The diem approach looks really interesting - would you be able to share your Markdown conversions of and the proof of concept? Did you use pandoc for HTML->Markdown, or some converter for DokuWiki format?

    Posted by Ingo, 4 years ago

  • I am glad to see there is thought towards restructuring the documentation!

    My suggestions:
    After having used symfony ( ) and Doctrine ( ), I have grown to love the way they handle documentation.

    It has similar concept to django's documentation and takes advantage of version control ( ). The documentation is written in Markdown and each "branch" of the version control can represent a different project version and/or language that the documentation is written in.

    Using github promotes contribution since anyone can easily fork the documentation and make changes on their own and then can be merged back with the official branch.

    The next hard part is actually displaying the markdown documentation in a relevant user interface. Since symfony's documentation website itself is not open source, I have looked around for a way to easily display the markdown documentation that is kept in SVN/github/wherever.

    Enter Diem project uses the exact same concepts to display their documentation (using Markdown, github) as seen here: .
    The great thing about diem project, is that the website is open source ( ). After looking at the code, the web application synchronizes the documentation from github and handles the presentation of the code based on version (either 5.0 or 5.1) and by culture (English is the default, notice the "en" in the URL). The sidebar menu and the contextual links are key for making this documentation a great user experience.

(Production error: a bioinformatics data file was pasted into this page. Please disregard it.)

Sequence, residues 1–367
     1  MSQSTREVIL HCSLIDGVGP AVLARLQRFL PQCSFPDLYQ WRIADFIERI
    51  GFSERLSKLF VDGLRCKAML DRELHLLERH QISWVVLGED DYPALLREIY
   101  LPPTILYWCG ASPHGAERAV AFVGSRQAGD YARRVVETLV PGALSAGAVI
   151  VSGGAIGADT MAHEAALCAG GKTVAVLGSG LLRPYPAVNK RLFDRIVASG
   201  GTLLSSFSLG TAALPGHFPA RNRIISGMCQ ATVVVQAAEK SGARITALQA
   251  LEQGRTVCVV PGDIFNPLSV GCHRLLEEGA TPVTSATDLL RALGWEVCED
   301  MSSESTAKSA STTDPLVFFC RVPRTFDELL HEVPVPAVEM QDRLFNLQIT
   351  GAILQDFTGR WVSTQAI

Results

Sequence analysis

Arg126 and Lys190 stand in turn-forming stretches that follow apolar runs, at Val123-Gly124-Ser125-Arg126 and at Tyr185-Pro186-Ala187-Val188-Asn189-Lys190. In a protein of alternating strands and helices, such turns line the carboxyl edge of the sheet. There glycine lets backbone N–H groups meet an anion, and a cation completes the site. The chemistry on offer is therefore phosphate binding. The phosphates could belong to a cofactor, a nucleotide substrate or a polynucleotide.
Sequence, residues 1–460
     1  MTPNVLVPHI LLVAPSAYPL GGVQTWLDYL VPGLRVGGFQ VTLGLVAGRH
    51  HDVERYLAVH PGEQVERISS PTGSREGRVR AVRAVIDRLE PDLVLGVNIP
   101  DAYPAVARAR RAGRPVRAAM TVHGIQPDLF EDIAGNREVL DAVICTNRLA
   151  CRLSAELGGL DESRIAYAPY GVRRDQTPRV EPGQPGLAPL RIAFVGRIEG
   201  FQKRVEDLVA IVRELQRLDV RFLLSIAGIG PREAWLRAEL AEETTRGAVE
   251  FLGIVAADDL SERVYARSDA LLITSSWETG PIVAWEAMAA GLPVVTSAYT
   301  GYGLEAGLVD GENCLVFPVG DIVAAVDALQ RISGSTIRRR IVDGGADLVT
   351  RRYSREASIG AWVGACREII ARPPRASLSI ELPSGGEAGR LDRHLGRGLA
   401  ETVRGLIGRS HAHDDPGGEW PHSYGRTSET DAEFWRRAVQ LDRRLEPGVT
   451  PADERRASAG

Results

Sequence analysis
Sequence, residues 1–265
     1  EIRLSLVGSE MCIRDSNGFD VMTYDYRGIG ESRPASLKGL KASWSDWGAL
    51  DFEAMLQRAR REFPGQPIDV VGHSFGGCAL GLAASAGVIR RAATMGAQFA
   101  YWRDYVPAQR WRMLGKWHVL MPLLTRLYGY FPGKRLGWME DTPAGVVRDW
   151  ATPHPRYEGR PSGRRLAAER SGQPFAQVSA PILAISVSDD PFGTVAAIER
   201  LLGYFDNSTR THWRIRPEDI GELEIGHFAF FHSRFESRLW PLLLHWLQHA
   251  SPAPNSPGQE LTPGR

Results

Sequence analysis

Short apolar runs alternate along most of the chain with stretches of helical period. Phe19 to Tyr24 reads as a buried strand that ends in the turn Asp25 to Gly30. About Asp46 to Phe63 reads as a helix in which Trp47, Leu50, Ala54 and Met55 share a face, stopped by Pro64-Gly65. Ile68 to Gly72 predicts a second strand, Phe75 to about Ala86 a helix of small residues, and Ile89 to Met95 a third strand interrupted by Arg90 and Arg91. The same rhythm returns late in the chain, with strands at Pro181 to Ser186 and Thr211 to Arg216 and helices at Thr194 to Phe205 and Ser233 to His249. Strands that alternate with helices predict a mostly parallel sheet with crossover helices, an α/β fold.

Notice though that they have a few different "sections" for the documentation: a "howto", "reference", and "tutorial", which covers several different styles of documentation that I believe SilverStripe is trying to achieve (for example "recipes" vs "getting started". Also note that diem-project has a concept of "snippets" ( ), which allows users to submit their own snippets of code (could be inspiration for community-added documentation or any kind of user-submitted markdown).

    As you can tell, I've been thinking about this for a while. A few months ago, I actually took portions of the SilverStripe dokuwiki and converted the html to markdown, split it up into relevant sections, and plugged it into a local installation of diem as a proof of concept and it worked very well. I would be more than willing to share the proof of concept publicly if there is enough interest for this idea.

    As for opensearch, I would suggest using Solr. I have noticed some SilverStripe related solr activity here: . Not really familiar with Sphinx, but I know that Solr is excellent with searching document based records (as opposed to normalized relational database records), which is the format that better matches the Markdown documentation and phpdoc API reference files.

    Posted by Jim Muir, 4 years ago

  • Great! It's good to see you guys moving in the right direction.


    1) Even one man in charge of docs and writing up some basic tuts on the Silverstripe will probably make a great impact.